However, as Carnegie was their first human victim, it would have been impossible to extrapolate normal, specific feeding behaviours. A reconstruction of the attack suggested that Carnegie repeatedly struggled to his feet after being taken down. Bears are adept at pinning prey.
The Chief Coroner's confidential investigative report was completed in the summer of 2006 and given to the Carnegie family for review. The report determined Carnegie was killed by either wolves or a black bear, and that the poorly conducted initial investigation and uncertainty of circumstantial evidence precluded a definitive conclusion. An Inquest date of February 2007 was then called by the Chief Coroner, but was rescheduled for 29 October 2007.
The Province of Saskatchewan chose not to present an affirmative case supporting the findings of the Chief Coroner. Accordingly, the lawyer representing the crown did not carry out in depth examinations of witnesses. Further, judicial inquests in Saskatchewan apply a much lower standard for determining cause of death (balance of probabilities or 51%) than do determinations by the Chief Coroner (reasonable doubt or 95%). On 1 November 2007, following three days of testimony and examination of photographs of Carnegie's body and the site of the incident, a six member jury concluded that wolves were responsible for Carnegie's death.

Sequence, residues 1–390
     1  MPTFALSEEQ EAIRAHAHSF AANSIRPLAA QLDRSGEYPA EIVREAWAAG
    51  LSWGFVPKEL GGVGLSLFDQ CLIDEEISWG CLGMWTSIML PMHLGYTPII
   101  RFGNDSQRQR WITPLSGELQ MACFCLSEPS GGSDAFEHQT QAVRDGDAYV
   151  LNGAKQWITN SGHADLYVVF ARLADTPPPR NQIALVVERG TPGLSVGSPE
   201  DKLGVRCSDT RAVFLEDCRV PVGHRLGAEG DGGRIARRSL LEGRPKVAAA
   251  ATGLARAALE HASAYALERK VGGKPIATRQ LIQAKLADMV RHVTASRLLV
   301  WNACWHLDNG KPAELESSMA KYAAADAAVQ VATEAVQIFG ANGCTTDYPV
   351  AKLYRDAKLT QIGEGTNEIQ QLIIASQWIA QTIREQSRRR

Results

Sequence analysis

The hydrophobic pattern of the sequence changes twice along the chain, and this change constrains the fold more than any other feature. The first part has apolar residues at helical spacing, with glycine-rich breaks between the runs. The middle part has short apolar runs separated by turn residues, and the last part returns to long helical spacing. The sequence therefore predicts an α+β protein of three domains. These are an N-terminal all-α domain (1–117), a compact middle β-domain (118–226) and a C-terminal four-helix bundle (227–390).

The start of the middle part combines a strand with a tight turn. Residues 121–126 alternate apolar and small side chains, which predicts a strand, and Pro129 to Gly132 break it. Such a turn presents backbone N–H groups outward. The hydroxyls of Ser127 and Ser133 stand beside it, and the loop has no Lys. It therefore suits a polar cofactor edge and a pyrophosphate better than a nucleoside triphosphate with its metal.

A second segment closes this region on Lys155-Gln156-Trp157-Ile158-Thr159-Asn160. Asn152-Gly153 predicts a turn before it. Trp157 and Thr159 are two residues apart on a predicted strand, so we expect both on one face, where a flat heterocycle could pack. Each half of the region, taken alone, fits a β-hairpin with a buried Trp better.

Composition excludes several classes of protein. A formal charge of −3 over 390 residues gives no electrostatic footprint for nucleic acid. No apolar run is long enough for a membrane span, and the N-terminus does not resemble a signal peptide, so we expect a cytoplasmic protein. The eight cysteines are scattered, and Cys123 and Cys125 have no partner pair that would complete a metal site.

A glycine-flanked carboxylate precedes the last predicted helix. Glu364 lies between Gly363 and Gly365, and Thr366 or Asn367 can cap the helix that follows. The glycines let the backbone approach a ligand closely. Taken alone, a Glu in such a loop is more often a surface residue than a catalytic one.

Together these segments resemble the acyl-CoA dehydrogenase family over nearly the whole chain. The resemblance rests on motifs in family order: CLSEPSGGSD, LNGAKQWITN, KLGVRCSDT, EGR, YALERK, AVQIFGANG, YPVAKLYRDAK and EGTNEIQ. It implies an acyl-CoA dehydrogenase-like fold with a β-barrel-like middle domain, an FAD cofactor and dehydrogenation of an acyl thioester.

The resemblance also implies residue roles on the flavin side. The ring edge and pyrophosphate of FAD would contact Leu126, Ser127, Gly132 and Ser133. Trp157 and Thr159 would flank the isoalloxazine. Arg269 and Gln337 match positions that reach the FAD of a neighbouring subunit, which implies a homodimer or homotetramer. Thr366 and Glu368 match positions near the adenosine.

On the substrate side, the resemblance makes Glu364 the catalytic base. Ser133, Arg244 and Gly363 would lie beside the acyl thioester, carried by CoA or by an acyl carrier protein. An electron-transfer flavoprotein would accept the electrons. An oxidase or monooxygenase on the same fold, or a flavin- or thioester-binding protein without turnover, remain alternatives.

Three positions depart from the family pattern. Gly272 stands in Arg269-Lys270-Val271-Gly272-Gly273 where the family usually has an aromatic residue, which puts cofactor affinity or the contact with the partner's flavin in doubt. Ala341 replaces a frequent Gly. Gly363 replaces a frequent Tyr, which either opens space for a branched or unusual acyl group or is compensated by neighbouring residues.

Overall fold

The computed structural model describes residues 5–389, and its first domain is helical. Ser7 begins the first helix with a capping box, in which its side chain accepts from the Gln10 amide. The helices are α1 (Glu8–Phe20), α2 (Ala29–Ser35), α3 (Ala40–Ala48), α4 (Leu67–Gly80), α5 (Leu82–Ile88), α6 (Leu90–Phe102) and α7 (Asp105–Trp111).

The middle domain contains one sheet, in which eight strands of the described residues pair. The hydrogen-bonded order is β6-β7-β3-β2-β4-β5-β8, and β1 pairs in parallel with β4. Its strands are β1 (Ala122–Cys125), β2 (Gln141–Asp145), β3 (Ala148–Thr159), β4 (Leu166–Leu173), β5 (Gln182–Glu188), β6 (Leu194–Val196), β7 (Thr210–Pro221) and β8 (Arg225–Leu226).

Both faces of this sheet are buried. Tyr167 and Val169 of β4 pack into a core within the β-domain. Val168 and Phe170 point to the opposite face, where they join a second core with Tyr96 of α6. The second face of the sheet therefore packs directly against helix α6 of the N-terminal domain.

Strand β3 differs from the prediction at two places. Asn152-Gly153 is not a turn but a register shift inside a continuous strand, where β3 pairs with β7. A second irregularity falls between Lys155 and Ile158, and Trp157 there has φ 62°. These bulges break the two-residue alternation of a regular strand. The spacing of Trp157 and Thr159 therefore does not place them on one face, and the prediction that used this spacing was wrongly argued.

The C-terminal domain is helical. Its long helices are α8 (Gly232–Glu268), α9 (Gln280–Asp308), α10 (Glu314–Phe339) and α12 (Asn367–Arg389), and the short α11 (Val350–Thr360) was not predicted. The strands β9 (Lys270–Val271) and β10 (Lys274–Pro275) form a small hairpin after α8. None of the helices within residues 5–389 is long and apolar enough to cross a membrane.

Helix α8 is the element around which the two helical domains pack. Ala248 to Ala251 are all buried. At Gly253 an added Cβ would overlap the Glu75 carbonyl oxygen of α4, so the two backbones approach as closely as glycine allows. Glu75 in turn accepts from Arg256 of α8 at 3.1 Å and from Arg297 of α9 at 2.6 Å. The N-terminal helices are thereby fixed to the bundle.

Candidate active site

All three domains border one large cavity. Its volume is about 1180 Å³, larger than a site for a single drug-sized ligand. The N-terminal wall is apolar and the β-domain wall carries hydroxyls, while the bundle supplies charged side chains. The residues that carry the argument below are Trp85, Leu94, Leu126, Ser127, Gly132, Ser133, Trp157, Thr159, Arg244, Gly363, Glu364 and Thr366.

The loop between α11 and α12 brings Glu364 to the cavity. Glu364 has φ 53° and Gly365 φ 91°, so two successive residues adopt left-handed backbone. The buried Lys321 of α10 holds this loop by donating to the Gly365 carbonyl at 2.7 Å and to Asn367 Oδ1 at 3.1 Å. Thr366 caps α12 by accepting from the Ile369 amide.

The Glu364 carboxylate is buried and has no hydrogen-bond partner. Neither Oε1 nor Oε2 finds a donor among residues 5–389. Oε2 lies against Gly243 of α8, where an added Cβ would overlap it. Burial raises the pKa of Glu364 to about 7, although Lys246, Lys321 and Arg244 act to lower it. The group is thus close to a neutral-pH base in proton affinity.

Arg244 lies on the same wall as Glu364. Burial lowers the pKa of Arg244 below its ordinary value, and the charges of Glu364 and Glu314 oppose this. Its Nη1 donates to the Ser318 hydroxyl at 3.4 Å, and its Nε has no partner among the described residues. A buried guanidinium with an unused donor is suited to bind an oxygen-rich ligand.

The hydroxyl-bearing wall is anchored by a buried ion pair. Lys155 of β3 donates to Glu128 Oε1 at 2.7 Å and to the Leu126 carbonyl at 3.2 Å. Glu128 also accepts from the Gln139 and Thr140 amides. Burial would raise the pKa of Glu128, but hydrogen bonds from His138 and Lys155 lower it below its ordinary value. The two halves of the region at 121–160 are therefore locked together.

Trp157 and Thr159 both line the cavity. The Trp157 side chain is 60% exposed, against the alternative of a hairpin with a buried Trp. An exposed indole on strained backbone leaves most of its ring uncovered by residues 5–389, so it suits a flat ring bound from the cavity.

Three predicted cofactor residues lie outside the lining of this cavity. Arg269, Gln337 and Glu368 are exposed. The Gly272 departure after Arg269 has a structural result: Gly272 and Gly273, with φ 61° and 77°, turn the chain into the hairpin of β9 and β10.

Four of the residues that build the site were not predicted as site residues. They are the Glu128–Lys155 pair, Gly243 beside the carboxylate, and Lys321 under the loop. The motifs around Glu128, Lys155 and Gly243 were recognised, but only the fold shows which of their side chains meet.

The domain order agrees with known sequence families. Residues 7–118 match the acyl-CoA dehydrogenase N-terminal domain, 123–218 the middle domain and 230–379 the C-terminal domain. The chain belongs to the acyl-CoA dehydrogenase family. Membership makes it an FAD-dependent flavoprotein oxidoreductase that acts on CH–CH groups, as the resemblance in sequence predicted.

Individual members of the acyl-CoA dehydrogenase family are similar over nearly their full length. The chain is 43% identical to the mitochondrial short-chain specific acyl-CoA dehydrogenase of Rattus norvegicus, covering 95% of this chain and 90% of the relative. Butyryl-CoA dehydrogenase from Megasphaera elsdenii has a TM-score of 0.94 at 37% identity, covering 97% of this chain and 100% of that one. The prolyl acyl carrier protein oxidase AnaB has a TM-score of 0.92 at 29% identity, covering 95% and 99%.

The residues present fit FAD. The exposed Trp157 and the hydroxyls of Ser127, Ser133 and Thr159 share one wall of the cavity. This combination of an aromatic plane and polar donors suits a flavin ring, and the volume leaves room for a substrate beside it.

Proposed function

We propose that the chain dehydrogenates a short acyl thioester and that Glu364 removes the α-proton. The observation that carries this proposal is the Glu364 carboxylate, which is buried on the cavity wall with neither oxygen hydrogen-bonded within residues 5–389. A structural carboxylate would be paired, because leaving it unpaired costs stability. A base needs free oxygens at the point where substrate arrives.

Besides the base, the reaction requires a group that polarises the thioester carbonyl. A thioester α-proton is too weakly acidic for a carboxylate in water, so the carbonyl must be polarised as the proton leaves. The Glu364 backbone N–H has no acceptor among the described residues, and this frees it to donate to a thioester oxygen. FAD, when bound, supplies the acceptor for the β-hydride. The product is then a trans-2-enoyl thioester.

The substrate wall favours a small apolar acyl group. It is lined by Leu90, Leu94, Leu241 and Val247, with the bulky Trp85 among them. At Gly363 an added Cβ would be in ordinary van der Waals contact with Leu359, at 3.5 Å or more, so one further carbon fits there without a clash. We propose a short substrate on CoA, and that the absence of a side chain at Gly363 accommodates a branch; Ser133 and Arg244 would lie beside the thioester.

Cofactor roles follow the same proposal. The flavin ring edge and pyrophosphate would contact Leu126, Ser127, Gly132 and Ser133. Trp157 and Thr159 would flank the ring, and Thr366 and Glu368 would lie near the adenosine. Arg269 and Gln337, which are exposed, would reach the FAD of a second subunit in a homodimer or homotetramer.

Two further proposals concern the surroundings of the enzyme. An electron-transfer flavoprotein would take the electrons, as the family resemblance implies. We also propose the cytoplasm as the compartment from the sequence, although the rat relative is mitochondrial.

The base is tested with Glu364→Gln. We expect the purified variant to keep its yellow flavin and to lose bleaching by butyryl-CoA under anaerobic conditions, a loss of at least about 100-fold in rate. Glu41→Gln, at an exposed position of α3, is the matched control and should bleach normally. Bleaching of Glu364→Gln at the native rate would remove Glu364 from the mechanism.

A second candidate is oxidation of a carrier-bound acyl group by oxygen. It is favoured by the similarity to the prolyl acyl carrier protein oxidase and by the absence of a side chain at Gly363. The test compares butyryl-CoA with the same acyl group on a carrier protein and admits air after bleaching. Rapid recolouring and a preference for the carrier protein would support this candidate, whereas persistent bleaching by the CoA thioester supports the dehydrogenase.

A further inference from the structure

A scholarship fund at the University of Waterloo was established as a memorial. Dr. L. David Mech, an internationally recognized wolf expert, stated; "Mr Carnegie's death is a terrible tragedy but one fatal wolf attack in the recorded history of North America does not warrant widespread alarm".
According to Carnegie's family, the official investigation was too focused on establishing Carnegie’s cause of death, while ignoring wider policy issues . Further criticism concerned an alleged failure of some biologists to notice that an unnatural garbage-scavenging lifestyle meant wolves around the camp had flourished only to the extent they lacked fear of humans, and a proliferation of wolves thus selected was depleting the local deer population. Carnegie's father expressed concern that Saskatchewan's response was inadequate and that there was no real action being taken to tackle the circumstances which he believed had led to the attack.
Notes and references
- A Review of Evidence and Findings Related to the Death of Kenton Carnegie on 8 November 2005 Near Points North, Saskatchewan by Mark E. McNay, Alaska Department of Fish and Game Fairbanks, Alaska, 25 May 2007
- Grooms, Steve (2008). "The Mixed Legacy of Never Cry Wolf" (PDF). International Wolf 18 (3): 11–13.
- Karen Jones, Never Cry Wolf: Science, Sentiment, and the Literary Rehabilitation of Canis Lupus, The Canadian Historical Review vol.84 (2001)